4. About requirement (IV): This is kind of tricky. What we'd like to say is, "BooleanTestable can't ever trigger an overloaded logical operator". However, given a perfectly reasonable type Nice - perhaps even bool itself! - other code (perhaps a third-party library) could overload operator&&(Nice, Evil). Therefore, I believe that the requirement should be "no first use" - the Standard Library will ask for various BooleanTestable types from users (for example, the result of "first != last" and the result of "pred(args)"), and as long as they don't trigger overloaded logical operators with each other, everything is awesome.

  5. About requirement (V): This is possibly redundant, but it's trivial to specify, makes it easier for users to understand what they need to do ("oh, I can always achieve this with bool"), and provides a "base case" for requirement (IV) that may or may not be necessary. Since bool is BooleanTestable, overloading operator&&(bool, Other) (etc.) clearly makes the Other type non-BooleanTestable.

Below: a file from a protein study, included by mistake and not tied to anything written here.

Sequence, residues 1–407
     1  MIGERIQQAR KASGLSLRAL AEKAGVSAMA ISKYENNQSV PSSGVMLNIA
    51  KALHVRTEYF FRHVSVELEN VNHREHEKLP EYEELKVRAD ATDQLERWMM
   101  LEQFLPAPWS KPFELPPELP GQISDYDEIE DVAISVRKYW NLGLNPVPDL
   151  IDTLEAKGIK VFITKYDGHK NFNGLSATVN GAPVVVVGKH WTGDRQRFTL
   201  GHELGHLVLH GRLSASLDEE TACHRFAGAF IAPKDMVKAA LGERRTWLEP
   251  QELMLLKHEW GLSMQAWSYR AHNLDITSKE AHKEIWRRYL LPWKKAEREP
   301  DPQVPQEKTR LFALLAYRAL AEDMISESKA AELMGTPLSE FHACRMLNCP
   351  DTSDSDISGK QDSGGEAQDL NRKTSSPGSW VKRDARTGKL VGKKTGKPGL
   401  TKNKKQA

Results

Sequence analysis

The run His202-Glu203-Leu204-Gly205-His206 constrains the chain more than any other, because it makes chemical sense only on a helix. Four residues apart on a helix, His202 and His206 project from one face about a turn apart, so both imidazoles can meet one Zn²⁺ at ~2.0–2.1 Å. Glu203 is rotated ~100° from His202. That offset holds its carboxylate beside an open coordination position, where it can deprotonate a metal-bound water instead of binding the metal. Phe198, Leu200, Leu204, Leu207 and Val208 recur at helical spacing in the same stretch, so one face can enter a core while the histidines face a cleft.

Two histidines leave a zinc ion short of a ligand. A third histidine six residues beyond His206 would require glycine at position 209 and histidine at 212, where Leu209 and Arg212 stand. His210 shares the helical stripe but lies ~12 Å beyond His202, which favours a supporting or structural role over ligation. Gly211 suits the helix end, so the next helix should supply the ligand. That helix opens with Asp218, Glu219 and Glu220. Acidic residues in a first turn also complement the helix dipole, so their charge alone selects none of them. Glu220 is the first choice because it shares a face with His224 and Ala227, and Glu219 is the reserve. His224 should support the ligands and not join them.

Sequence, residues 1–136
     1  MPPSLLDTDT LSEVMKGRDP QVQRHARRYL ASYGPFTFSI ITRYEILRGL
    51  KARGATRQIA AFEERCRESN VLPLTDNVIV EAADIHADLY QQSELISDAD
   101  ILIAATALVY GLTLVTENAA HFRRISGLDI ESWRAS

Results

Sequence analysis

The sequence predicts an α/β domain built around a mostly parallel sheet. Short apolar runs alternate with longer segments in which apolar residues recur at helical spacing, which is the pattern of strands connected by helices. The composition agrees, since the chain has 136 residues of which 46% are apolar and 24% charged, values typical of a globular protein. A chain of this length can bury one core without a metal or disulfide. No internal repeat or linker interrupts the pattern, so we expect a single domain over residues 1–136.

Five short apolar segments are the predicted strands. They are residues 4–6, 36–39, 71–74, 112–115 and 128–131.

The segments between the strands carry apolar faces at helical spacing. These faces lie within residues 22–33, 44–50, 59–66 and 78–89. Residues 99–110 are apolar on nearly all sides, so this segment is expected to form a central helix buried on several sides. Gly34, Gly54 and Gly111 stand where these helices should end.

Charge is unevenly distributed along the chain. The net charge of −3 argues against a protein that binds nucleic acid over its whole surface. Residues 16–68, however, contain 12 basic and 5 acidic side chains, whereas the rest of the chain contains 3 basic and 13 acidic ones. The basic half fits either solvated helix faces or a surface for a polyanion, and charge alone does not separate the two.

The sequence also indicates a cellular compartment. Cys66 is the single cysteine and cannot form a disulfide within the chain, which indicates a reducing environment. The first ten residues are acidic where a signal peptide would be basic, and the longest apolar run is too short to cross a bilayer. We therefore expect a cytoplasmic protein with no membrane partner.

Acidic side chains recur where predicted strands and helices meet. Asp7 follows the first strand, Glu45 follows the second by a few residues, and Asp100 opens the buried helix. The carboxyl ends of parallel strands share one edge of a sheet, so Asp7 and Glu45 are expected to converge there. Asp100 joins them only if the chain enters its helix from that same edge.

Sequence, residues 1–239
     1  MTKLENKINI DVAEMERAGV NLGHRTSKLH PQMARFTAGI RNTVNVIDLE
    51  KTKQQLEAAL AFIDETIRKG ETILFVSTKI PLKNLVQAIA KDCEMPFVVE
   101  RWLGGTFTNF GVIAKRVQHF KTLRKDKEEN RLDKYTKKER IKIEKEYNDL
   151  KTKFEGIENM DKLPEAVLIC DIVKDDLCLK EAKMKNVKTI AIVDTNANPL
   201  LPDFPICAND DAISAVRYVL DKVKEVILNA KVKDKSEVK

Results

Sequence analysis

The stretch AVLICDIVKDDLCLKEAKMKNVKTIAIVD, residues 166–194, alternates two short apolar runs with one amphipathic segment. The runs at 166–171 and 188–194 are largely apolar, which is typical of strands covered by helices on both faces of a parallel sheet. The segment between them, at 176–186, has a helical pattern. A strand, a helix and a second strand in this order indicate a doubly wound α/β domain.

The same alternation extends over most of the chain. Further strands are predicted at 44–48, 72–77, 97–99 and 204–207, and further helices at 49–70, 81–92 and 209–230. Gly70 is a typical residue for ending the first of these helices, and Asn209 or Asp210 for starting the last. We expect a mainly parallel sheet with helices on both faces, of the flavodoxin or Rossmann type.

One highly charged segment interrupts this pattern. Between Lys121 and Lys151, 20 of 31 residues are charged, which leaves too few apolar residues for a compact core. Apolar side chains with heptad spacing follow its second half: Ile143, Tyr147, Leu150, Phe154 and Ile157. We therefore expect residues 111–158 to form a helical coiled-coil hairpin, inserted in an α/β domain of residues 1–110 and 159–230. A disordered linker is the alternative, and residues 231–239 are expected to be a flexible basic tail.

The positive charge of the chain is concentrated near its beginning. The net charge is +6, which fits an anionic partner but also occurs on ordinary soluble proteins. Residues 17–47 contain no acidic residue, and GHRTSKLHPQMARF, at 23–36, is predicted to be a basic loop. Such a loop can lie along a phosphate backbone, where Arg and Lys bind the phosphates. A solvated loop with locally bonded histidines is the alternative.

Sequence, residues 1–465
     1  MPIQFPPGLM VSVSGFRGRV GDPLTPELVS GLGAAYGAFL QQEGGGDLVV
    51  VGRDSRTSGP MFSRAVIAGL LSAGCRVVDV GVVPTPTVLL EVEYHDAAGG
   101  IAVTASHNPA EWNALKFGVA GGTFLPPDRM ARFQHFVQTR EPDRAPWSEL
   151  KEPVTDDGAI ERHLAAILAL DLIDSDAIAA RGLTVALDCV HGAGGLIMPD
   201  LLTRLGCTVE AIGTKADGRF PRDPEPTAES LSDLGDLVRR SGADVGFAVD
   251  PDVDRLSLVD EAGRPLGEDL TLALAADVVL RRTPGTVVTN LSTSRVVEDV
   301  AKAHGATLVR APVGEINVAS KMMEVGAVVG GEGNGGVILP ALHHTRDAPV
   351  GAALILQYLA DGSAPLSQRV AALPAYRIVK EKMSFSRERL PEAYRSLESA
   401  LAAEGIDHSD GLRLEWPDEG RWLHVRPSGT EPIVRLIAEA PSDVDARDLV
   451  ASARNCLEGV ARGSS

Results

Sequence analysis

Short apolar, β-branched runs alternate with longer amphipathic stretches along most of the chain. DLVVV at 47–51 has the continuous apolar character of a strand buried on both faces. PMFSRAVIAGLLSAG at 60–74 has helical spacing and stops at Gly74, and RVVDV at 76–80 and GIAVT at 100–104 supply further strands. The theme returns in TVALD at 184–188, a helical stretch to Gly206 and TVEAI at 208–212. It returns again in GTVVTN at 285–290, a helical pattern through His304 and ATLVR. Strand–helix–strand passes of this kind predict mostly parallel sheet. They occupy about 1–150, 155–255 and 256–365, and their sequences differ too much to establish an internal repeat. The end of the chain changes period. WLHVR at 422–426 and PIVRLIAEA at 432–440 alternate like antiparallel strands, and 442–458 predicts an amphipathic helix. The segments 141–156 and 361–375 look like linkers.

Previous resolution from Daniel [SUPERSEDED]:

This wording is relative to the FDIS.

  1. Change Table 25 — "NullablePointer requirements" in 20.5.3.3 [nullablepointer.requirements] as indicated:

    Table 25 — NullablePointer requirements
    Expression Return type Operational semantics
    […]
    a != b contextually convertible to bool !(a == b)
    a == np
    np == a
    contextually convertible to bool a == P()
    a != np
    np != a
    contextually convertible to bool !(a == np)